Four – The Syntax of Making


the turtle that holds up the world

“We are the bees of the invisible. We wildly collect the honey of the visible, to store it in the great golden hive of the invisible.” Rainer Maria Rilke

Some time ago a book arrived in the post. The book was Carlos Castaneda’s “The Other Side of Infinity.” It was from somebody whom I’d only met once and so it took me a bit of time to solve the mystery of the book’s source. The opening of the book hit a chord with me. This piece was entitled ”Syntax”. Syntax is the structure of a language – how phrases and sentences are formed. For example, in English a typical sentence is formed from subject, verb, object – the cat, sat on, the mat. Castaneda’s piece was about origins. He had written two versions that looked at different approaches that arise from different possibilities of linguistic expression. One was about the idea of single origin and the Big Bang.

“The universe began, 
and it is getting old, the man assured us,
and it will die, like all things die,
like he himself died after confirming mathematically
the syntax of his mother tongue”

 The other version postulated different expressions and possibilities; a different syntax – as indeed there are in the languages of different cultures from around the world.

 “There are other syntaxes. 
There is one, for example, which demands that varieties
of intensity be taken as facts.
In that syntax nothing begins and nothing ends;
thus birth is not a clean, clear-cut event,
but a specific type of intensity,
and so is maturation, and so is death.”

Maybe it was the nature of this unexpected act of generosity, but this idea of different versions of syntax has played in my mind ever since. The other day a friend and I were talking around the idea of not feeling good enough and how torturous that feeling is for so many people in our society.  Often in workshops I have run, particularly with adults, people walk about admiring each other’s work and denigrating their own. I have often ended up saying, “Look, you can’t all have made the worst!”

 After Patrick and I stopped working together as Little Jest Puppets, my workshop practice began to develop. One reason for this was the evident magic, and I am not using that word as hyperbole because it is a sort of human magic, which occurs when people make puppets in workshops. Recently, a child being asked what it felt like said, “I felt more than happy.” Ever since we started running puppet making workshops the obvious love for the activity by the participants has lit up rooms – rooms that sometimes are enveloped in an unnecessary gloom. So what is going on? Clearly, it’s more than what is visible to the eye that goes deep into the soul of these makers. I have noticed a lot of things over the years (which will no doubt leak out into other episodes of this blog). This particular blog episode is about a small, personal realisation about syntax. During my recent chat with a friend about the ‘not good enough’ syndrome, a penny dropped. Although we are bound to say, “I made a puppet”. “I made a puppet” does not tell the story of the experience.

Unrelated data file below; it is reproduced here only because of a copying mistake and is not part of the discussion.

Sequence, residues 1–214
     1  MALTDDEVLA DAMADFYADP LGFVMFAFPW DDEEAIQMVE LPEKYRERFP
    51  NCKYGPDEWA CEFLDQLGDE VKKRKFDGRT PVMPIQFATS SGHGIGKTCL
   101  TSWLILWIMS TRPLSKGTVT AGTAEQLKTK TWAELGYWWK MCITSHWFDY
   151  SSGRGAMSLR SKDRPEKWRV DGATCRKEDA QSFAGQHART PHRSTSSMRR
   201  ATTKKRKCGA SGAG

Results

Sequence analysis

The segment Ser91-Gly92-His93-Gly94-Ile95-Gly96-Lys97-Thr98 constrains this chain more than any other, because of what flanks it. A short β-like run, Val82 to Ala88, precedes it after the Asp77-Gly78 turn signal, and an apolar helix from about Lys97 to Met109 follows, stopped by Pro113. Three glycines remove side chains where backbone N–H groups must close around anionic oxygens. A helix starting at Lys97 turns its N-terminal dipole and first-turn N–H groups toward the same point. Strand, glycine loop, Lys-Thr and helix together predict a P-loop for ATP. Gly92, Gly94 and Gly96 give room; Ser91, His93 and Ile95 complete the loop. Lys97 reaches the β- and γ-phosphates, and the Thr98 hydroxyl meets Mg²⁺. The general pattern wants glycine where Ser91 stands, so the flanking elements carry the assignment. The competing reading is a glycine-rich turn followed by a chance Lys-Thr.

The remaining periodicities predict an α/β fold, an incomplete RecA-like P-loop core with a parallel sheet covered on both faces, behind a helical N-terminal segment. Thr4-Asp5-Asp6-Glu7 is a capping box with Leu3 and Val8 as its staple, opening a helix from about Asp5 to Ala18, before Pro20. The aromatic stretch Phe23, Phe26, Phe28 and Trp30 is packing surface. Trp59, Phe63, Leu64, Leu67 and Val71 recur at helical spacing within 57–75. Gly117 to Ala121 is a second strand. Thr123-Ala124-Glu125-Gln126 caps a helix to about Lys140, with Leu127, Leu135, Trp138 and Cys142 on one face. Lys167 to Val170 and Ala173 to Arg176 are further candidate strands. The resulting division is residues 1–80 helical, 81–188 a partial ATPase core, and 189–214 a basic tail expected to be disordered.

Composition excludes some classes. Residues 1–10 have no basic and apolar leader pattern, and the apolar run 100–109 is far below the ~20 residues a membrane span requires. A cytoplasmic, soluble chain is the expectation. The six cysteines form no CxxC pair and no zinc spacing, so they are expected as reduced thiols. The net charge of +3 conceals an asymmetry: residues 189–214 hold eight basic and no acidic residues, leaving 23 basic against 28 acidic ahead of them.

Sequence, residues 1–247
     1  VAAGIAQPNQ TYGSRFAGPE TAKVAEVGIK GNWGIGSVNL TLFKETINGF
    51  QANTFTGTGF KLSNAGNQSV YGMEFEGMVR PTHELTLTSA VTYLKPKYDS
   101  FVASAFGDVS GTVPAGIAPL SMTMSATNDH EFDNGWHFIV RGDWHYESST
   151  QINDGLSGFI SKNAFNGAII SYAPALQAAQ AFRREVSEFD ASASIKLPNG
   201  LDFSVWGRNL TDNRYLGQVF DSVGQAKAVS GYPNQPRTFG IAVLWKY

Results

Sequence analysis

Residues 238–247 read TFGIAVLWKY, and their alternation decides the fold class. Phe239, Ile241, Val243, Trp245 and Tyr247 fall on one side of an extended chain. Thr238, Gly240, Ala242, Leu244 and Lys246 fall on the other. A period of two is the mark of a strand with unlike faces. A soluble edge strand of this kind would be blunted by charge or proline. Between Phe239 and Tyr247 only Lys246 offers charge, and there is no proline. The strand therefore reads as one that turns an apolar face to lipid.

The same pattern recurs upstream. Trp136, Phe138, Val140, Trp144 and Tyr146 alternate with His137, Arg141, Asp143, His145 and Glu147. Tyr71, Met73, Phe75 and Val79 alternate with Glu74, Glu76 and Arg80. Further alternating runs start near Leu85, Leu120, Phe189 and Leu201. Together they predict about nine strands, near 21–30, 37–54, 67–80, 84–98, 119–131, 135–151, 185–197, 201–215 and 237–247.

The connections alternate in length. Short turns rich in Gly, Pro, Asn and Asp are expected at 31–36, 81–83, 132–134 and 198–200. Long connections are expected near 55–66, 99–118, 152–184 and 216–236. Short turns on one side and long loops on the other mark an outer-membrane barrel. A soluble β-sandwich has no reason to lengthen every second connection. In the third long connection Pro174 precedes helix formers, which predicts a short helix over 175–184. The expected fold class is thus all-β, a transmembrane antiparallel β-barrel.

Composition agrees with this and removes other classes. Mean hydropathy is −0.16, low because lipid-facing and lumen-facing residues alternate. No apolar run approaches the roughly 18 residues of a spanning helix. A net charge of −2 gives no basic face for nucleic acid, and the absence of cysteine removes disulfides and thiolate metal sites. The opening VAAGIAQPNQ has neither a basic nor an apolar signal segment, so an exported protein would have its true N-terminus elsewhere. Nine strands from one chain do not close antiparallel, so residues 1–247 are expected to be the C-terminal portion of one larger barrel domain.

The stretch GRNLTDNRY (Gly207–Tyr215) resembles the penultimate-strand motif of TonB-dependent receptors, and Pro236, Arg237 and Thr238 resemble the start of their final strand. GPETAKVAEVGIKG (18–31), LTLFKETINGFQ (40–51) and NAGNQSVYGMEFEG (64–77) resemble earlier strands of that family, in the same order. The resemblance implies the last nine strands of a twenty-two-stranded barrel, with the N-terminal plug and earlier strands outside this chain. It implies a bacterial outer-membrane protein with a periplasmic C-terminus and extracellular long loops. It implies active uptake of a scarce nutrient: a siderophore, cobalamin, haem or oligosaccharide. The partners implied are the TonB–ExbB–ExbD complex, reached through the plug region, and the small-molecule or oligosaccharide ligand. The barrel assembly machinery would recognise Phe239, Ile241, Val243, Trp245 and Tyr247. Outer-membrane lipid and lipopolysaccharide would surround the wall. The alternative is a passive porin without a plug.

When you see a group of kid’s work, you suddenly realise that actually the imagination is this limitless store, indefinable store, ultimately of endless unlimited invention, mysterious, indefinable which is the common source of all imaginative product and we as individuals have intercourse with that in a funny way and out of that experience we have the gnosis of making something.   John Moat. The Workshop Interviews (these will spill into the blogs later too!).